- The yield on 10-year Treasury notes fell to 1.28% from 1.30%. (Good for mortgage rates.) More than any other market, mortgage rates normally tend to follow these particular Treasury bond yields, though less so recently
- Major stock indexes were a little lower shortly after opening. (Good for mortgage rates.) When investors are buying shares they’re often selling bonds, which pushes prices of those down and increases yields and mortgage rates. The opposite may happen when indexes are lower
- Oil prices edged up to $71.96 from $71.73 a barrel. (Neutral for mortgage rates*.) Energy prices play a large role in creating inflation and also point to future economic activity.
- Gold prices inched higher to $1,803 from $1,797 an ounce. (Neutral for mortgage rates*.) In general, it’s better for rates when gold rises, and worse when gold falls. Gold tends to rise when investors worry about the economy. And worried investors tend to push rates lower
- CNN Business Fear & Greed index — held steady at 31 out of 100. (Neutral for mortgage rates.) “Greedy” investors push bond prices down (and interest rates up) as they leave the bond market and move into stocks, while “fearful” investors do the opposite. So lower readings are better than higher ones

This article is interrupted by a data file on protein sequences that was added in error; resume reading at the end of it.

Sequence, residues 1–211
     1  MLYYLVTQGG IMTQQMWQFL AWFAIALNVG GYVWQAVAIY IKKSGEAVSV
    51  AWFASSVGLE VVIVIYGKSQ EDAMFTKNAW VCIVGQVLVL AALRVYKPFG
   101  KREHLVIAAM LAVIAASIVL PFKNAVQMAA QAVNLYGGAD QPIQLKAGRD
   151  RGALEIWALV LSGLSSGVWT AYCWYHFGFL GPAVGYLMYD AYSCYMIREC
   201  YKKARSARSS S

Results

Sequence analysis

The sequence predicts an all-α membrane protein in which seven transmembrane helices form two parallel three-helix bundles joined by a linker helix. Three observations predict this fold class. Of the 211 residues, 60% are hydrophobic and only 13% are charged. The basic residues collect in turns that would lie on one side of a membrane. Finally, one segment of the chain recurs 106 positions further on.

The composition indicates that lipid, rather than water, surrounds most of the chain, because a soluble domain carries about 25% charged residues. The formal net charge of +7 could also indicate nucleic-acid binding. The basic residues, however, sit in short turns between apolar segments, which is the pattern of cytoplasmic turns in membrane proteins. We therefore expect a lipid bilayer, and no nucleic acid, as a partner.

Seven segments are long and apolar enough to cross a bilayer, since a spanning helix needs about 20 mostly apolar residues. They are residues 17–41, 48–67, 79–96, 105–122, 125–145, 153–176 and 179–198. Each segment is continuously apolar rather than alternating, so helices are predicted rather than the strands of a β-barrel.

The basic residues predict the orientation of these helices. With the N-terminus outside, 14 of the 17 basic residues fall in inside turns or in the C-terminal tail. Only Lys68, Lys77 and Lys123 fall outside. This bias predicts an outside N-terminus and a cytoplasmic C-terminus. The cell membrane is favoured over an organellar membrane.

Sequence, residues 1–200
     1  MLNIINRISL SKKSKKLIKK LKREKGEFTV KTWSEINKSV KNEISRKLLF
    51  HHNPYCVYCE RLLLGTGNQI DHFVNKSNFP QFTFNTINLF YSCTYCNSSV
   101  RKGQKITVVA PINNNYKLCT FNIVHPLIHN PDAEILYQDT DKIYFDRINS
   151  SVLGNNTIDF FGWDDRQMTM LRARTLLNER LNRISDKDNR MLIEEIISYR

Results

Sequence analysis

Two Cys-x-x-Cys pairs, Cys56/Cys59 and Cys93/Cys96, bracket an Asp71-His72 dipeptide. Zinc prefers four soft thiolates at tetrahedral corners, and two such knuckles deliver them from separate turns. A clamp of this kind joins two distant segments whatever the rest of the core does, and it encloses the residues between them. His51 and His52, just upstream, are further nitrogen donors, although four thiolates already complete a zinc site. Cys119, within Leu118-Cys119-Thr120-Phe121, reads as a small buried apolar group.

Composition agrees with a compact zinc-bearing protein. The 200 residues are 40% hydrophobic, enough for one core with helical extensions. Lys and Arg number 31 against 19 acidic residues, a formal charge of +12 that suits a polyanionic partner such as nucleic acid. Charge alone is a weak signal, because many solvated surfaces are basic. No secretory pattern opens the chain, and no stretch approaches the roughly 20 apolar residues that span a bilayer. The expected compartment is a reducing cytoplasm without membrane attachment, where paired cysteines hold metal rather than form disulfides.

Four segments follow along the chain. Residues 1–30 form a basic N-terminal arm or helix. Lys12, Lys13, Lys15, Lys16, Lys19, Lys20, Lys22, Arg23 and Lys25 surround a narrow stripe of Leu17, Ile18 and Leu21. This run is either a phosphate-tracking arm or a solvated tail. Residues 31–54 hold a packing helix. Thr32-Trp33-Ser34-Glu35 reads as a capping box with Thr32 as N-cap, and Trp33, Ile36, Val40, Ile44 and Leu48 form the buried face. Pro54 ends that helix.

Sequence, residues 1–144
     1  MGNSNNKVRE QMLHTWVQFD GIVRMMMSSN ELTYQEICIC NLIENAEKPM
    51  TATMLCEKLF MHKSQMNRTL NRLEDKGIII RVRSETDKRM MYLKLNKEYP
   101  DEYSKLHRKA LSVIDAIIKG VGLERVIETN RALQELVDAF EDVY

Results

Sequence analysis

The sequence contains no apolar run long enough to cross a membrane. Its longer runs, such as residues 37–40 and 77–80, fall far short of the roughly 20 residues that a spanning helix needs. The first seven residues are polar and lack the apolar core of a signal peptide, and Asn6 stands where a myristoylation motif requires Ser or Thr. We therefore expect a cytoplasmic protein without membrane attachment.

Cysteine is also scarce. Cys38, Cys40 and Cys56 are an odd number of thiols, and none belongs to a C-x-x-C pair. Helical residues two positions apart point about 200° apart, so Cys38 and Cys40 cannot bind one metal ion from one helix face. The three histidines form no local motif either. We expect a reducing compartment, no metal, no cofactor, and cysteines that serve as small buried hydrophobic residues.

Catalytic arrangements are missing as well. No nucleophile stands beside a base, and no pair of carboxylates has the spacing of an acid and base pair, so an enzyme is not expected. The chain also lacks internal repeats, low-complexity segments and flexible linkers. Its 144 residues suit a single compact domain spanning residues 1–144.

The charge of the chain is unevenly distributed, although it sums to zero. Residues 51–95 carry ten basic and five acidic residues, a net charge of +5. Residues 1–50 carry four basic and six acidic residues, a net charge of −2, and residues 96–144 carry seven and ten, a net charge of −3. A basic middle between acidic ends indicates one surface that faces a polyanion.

*A change of less than $20 on gold prices or 40 cents on oil ones is a fraction of 1%. So we only count meaningful differences as good or bad for mortgage rates.
Caveats about markets and rates
Before the pandemic and the Federal Reserve’s interventions in the mortgage market, you could look at the above figures and make a pretty good guess about what would happen to mortgage rates that day. But that’s no longer the case. We still make daily calls. And are usually right. But our record for accuracy won’t achieve its former high levels until things settle down.
So use markets only as a rough guide. Because they have to be exceptionally strong or weak to rely on them. But, with that caveat, so far mortgage rates today look likely to hold steady or inch lower. But be aware that “intraday swings” (when rates change direction during the day) are a common feature right now.
Important notes on today’s mortgage rates
Here are some things you need to know:
- Typically, mortgage rates go up when the economy’s doing well and down when it’s in trouble. But there are exceptions. Read ‘How mortgage rates are determined and why you should care
- Only “top-tier” borrowers (with stellar credit scores, big down payments and very healthy finances) get the ultralow mortgage rates you’ll see advertised
- Lenders vary. Yours may or may not follow the crowd when it comes to daily rate movements — though they all usually follow the wider trend over time